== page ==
“A must-read for anyone with even a passing interest in the present and future of higher education.”—Tressie McMillan Cottom, author of Lower Ed
“A must-read for the education-invested as well as the education-interested.”—Forbes
“I’m not sure if Reich is as famous outside of learning science and online education circles as he is inside. He should be…Reading and talking about Failure to Disrupt should be a prerequisite for any big institutional learning technology initiatives coming out of COVID-19.”—Inside Higher Ed
“The desire to educate students well using online tools and platforms is more pressing than ever. But as Justin Reich illustrates…many recent technologies that were expected to radically change schooling have instead been used in ways that perpetuate existing systems and their attendant inequalities.”—Science
Proponents of large-scale learning have boldly promised that technology can disrupt traditional approaches to schooling, radically accelerating learning and democratizing education. Much-publicized experiments, often underwritten by Silicon Valley entrepreneurs, have been launched at elite universities and in elementary schools in the poorest neighborhoods. Such was the excitement that, in 2012, the New York Times declared the “year of the MOOC.” Less than a decade later, that pronouncement seems premature.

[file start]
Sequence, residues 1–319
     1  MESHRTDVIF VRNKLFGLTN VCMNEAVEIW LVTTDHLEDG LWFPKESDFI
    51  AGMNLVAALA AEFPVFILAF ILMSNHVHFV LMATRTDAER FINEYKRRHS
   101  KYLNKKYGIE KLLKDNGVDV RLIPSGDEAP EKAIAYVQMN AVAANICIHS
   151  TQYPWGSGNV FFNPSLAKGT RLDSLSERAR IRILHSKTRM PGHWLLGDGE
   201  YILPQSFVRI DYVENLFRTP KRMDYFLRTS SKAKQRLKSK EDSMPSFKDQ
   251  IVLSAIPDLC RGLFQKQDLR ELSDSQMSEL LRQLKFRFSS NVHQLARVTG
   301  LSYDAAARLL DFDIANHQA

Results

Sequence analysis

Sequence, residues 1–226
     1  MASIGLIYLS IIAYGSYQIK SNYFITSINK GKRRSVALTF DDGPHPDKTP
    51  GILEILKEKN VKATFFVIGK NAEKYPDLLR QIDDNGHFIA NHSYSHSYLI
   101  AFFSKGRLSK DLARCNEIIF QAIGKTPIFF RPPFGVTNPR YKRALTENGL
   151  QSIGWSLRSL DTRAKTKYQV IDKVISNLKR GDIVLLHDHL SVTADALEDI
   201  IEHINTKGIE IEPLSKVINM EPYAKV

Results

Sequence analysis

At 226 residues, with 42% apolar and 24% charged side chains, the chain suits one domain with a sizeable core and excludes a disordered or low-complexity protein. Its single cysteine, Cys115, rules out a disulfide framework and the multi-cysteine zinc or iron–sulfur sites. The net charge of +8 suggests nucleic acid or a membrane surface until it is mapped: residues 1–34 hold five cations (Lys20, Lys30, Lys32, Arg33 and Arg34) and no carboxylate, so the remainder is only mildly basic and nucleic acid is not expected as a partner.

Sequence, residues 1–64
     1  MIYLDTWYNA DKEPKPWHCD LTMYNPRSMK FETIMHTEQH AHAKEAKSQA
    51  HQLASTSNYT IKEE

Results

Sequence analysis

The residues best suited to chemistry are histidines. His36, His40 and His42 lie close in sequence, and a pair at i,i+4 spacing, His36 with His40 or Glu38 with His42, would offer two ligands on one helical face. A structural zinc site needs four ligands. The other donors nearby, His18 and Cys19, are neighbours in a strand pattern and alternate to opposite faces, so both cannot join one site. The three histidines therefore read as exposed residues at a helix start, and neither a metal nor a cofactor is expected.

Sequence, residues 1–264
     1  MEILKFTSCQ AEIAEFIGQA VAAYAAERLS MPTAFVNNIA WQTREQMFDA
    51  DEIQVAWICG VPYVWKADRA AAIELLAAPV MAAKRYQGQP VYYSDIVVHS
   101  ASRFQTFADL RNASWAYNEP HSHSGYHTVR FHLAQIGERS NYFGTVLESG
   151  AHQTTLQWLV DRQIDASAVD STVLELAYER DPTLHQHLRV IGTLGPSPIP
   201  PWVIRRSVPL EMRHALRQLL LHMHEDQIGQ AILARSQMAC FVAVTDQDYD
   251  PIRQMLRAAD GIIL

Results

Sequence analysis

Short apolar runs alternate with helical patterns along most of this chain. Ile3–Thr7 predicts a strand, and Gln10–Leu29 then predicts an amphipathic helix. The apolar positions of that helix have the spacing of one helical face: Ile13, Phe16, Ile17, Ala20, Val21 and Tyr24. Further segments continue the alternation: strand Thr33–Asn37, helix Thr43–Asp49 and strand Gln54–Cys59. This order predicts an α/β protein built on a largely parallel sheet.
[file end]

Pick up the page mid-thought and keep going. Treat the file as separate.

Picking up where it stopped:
In Failure to Disrupt: Why Technology Alone Can’t Transform Education, Justin Reich delivers a sobering report card on the latest supposedly transformative educational technologies. Reich takes readers on a tour of MOOCs, autograders, computerized “intelligent tutors,” and other educational technologies whose problems and paradoxes have bedeviled educators. Learning technologies—even those that are free to access—often provide the greatest benefit to affluent students and do little to combat growing inequality in education. And institutions and investors often favor programs that scale up quickly, but at the expense of true innovation. It turns out that technology cannot by itself disrupt education or provide shortcuts past the hard road of institutional change.
Technology does have a crucial role to play in the future of education, Reich concludes. We still need new teaching tools, and classroom experimentation should be encouraged. But successful reform efforts will focus on incremental improvements, not the next killer app.